When we began sandpaper letters I also printed out several copies of the page in the Hainstock book that illustrates the proper directions for tracing/writing the letters to make sure I was demonstrating them correctly. I hear my teacher friends gripe a lot about kids who come to school already able to write, but that were taught to do the strokes in the wrong order.
One thing that I misunderstood when I first started teaching Kal-El is that the activities in the Gettman book are listed by order of introduction and that they are supposed to overlap. I somehow missed the sentence about "overlapping." I figured this out when I read this post at P.S. Montessori about sandpaper letters and the moveable alphabet.
I have blogged in the past about accumulating my collection of miniatures. I was inspired to do this by Jo at A Bit of This and a Bit of That. I posted about how I acquired many phonics objects through one of the swaps that she organizes several times a year here, here and here. I already have packages ready for the next swap and am waiting impatiently for her to announce the next one. I am currently using them to practice both I Spy activities and words sorts. So far we have worked exclusively with intial and ending sounds. I hope to expand to middle sounds soon (am still having trouble getting Kal-El to understand the concept of a "middle sound"). In the future I will be able to use some of these miniatures for traditional pink, blue and green activities and for what Gettman calls "object boxes." A printable list of language objects is available here. These objects are for sale individually, so it would be a good place to pick up a couple to fill out a letter you are having trouble with.
If you are looking for objects to go in your word drawers instead of or along with the pictures, Montessori For Everyone recently posted a list of traditional pink, blue and green series words that can be objects. I know I have a lot of these objects in my minitatures collection that I can resort for this purpose.
If you plan to use the pink/blue/green series for language all the materials you need can be printed for free from Goldmark Montessori or from The Helpful Garden. Even if you are not using the PBG series, these materials can be useful for finding good lists of words to use and sentences to write. I found the Blue Series Sound Cards very useful for making sound bins for the double sandpaper letters.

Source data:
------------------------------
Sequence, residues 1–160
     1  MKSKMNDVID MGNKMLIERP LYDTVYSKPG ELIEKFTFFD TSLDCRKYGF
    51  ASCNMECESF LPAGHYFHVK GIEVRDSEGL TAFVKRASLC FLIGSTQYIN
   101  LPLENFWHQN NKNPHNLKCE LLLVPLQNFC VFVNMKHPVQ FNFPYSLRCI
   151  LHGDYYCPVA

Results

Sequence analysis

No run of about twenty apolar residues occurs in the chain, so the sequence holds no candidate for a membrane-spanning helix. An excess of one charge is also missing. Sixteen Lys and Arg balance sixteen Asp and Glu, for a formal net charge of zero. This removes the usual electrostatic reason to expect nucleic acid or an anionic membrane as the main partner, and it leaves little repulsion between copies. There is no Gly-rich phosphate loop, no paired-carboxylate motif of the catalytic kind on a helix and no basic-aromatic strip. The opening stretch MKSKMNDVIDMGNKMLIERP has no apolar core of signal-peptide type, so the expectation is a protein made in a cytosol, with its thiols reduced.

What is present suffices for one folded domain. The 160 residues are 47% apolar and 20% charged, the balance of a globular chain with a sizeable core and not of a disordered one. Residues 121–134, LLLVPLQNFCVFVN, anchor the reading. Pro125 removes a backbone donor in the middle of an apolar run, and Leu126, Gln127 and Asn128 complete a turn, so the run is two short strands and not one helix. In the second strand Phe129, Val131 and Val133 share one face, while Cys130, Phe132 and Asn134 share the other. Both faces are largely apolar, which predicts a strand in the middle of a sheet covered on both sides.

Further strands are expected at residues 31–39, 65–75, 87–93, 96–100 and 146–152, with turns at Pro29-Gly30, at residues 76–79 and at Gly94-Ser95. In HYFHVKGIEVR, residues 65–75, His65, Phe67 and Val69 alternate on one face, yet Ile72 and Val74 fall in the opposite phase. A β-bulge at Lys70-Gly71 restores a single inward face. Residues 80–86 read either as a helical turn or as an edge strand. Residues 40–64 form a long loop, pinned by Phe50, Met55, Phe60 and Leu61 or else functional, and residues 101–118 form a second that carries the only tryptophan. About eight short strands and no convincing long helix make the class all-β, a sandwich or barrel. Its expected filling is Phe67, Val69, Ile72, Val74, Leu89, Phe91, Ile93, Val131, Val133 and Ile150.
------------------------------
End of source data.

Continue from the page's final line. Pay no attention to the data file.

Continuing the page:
Kal-El already knew the names of the upper-case letters when I discovered Montessori. I modeled how I "work around this" on this blog post at Montessori at Home. This affected my choice of which sandpaper letters to buy. I settled on a set that included both lowercase and uppercase for the singles. The lowercase are pink and the uppercase are blue. When we do sound sorts Kal-El first matches the lowercase to the appropriate uppercase and lays them side-by-side. Then, the two forms together make the headers for his sort. I do not like that the vowels are not a different color for the consonants and that the colors don't match the movable alphabet but a compromise had to be made somewhere.
This post is a dead-on example of how I use other blogs to learn how to homeschool the Montessori way. The "Ultimate Montessori Blog List" in my left sidebar is up to about 120 blogs now. When I started studying Montessori in the fall of 2007 there were only a handful of Montessori blogs to learn from. This number has exploded in the past year. With so many quality blogs out there I am in no way suffering delusions that have anything earth-shattering to say about Montessori (in fact, I often wonder if I should make it "just for family" and be done with it). However, I am happy to provide a big-ole list all in one place so that people will hopefully not have to work so hard to find blogs that suit their purposes. Please feel free to provide some kind of link to the list if you have a Montessori blog or website. Also, as always, if you have a Montessori blog that is not listed or is listed in the the wrong category or categories please let me know so I can fix it!